Lab: Ionic or Covalent?


To identify and classify some household substances as ionic, polar covalent, or nonpolar covalent compounds based on physical properties.

Use a data table or spreadsheet to record your results.


1. Gather some materials for study and testing, such as:

table salt, NaCl

baking soda, NaHCO3

butter or margarine or shortening

vegetable oil


soda, like Coca Cola (aqueous)

rubbing alcohol, aqueous C2H5OH

solid air freshener (possibly scrape some pieces off of a solid cake or cone)

vinegar, dilute aqueous HC2H3O2

2. One of the properties to be investigated is hardness. Ionic compounds are generally hard solids at room temperature; covalent compounds are generally soft solids at room temperature. Fill in the data table fields highlighted in the column titled hard or soft? Which of the non-aqueous compounds above should be classified as ionic? covalent?

3. Which of the compounds in the list, by nature of their formulas, are ionic compounds, that is they have a metal and a nonmetal in the formula or a metal and a polyatomic ion in the formula? Record this in the “Ionic or Covalent due to nature of formula” column of the data table.

4. A saying is chemistry is “Like dissolves like.” In other words, polar solutes will dissolve in polar solvents and nonpolar solutes will dissolve in nonpolar solvents. Try dissolving some NaCl in water and also in vegetable oil. What observations can you make? Record in the “Step 4 observations” column of the data table. Then, try dissolving a small amount of butter or margarine in vegetable oil and water. Record in the “Step 4 observations” column of the data table.

5. Are vegetable oil and water mutually soluble (miscible)? vinegar and water? vinegar and oil? Record in the “Step 5 observations” column of the data table.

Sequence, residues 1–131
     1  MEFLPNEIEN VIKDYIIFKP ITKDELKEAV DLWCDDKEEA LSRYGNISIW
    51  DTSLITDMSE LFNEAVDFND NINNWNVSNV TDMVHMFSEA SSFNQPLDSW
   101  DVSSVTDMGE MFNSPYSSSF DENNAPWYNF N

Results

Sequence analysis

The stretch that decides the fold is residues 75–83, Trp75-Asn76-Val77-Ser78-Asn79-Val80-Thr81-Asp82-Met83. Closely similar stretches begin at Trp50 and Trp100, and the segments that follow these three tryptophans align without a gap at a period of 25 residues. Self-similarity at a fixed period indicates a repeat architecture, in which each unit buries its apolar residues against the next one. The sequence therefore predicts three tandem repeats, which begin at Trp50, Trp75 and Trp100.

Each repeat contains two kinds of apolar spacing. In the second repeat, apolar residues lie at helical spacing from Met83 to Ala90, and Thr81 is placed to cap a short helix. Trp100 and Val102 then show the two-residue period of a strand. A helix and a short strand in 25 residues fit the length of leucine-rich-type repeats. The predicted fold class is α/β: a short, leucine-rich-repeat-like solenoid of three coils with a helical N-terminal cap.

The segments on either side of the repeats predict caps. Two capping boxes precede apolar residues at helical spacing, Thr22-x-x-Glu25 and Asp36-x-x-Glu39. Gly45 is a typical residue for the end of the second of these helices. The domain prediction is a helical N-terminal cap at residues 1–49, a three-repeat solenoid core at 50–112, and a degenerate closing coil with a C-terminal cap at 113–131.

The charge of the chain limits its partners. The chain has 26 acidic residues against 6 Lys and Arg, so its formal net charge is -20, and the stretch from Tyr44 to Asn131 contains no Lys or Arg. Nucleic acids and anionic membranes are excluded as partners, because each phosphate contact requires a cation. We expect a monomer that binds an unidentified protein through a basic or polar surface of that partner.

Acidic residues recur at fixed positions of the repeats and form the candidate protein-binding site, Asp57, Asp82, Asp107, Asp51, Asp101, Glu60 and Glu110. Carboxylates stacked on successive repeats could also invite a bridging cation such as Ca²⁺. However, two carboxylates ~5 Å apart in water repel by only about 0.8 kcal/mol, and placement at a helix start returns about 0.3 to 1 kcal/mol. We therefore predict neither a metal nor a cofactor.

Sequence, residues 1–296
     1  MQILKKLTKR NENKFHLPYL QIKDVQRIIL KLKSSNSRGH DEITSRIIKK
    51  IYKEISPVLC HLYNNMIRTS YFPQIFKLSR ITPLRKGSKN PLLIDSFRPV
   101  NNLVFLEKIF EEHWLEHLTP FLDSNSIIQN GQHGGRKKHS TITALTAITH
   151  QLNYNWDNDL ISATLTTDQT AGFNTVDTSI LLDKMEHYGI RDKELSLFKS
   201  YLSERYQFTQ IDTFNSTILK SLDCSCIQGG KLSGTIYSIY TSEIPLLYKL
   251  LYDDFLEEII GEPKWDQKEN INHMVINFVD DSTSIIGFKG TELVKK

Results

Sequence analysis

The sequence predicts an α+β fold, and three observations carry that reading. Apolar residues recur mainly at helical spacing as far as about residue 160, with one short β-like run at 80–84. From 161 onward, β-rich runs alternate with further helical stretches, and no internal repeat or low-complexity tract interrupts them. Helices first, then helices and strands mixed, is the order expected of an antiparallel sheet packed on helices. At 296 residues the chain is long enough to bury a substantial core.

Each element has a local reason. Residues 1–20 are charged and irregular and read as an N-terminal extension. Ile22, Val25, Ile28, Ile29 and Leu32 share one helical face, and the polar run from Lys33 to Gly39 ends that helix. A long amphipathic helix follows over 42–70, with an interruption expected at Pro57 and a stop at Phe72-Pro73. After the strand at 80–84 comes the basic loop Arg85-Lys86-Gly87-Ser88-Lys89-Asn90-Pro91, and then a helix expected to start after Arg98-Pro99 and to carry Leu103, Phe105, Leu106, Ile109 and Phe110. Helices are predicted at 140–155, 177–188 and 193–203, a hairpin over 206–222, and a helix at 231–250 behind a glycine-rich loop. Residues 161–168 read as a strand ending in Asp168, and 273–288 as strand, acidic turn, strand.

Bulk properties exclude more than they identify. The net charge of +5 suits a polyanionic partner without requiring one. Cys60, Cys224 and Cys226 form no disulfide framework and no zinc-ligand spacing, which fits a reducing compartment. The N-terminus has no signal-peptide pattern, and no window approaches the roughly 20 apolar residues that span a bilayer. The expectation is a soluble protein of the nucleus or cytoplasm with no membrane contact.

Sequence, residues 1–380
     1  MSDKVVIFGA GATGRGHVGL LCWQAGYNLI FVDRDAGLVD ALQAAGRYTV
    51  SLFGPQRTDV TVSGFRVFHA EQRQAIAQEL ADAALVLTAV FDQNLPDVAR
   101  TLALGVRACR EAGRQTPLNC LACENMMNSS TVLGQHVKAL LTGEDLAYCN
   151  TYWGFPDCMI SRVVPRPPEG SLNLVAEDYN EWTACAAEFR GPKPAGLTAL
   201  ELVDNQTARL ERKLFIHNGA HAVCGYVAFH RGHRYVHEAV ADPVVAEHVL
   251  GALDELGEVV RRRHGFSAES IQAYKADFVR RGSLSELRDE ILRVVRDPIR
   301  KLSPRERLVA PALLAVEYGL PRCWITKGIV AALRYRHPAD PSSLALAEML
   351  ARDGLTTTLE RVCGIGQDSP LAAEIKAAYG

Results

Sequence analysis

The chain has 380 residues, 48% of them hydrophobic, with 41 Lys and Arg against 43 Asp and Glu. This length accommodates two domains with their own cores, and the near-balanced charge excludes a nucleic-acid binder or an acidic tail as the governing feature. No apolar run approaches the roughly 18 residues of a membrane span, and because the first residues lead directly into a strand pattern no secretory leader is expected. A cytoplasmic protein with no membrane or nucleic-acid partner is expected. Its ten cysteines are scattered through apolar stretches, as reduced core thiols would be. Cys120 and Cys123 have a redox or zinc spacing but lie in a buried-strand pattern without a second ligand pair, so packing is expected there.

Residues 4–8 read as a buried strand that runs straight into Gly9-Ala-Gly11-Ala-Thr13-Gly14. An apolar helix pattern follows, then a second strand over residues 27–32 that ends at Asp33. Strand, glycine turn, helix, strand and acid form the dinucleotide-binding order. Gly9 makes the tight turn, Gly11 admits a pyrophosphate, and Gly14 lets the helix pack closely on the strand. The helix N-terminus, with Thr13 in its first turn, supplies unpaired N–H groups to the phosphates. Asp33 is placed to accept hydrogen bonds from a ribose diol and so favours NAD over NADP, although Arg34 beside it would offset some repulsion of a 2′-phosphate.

6. If you have some solid air freshener, try dissolving some in water and in vegetable oil. Record observations in the “Step 6 observations” column on the data table.

7. Does baking soda dissolve in water or vegetable oil? Is it ionic or nonpolar covalent by its formula? Record in the “Step 7 observations” column of the data table.

8. Try dissolving NaCl in the Coca Cola. Does it dissolve? Record in the “Step 8 observations” column of the data table.

9. Is rubbing alcohol polar or nonpolar? Try dissolving the NaCl and the butter. Record in the “Step 9 observations” column of the data table.

10. Melting point is another indication whether a solid substance is polar or nonpolar. Polar and ionic materials have very high melting points. Nonpolar covalent materials have very low melting points or are liquids at room temperature. Very gently, try heating some of the NaCl in a saucepan. DO NOT spend a long time doing this. If the salt does not melt in a minute, consider it to have a very high melting point. Try the same with the butter. Record in the “Step 10 observations” column of the data table.


Using all of the observations, decide if each substance is ionic or covalent. Record in the “Ionic or Covalent?” column of the data table.


In the dry cleaning process, organic solvents are used that are not water-based. What solvents are they and why would dry cleaning remove some stains that detergent and water would not?

Use the lab writeup format outlined in an earlier module. Be sure all portions of the data table are filled in. Submit your completed assignment.